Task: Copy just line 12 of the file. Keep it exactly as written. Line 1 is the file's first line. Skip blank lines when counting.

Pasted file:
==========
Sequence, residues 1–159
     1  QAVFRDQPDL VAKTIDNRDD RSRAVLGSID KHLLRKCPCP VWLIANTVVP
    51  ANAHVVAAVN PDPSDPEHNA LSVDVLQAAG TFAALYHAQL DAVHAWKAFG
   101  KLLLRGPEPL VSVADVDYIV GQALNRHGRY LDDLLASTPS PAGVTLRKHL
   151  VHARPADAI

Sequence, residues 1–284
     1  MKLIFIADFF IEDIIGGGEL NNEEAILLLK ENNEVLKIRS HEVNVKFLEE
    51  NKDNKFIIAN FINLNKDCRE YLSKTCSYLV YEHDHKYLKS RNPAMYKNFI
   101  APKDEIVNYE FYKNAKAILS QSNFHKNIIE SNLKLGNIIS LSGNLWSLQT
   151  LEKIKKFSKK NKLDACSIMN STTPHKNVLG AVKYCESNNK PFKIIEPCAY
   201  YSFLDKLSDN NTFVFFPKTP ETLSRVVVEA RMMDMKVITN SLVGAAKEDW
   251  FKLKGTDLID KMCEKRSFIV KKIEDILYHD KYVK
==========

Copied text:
   251  FKLKGTDLID KMCEKRSFIV KKIEDILYHD KYVK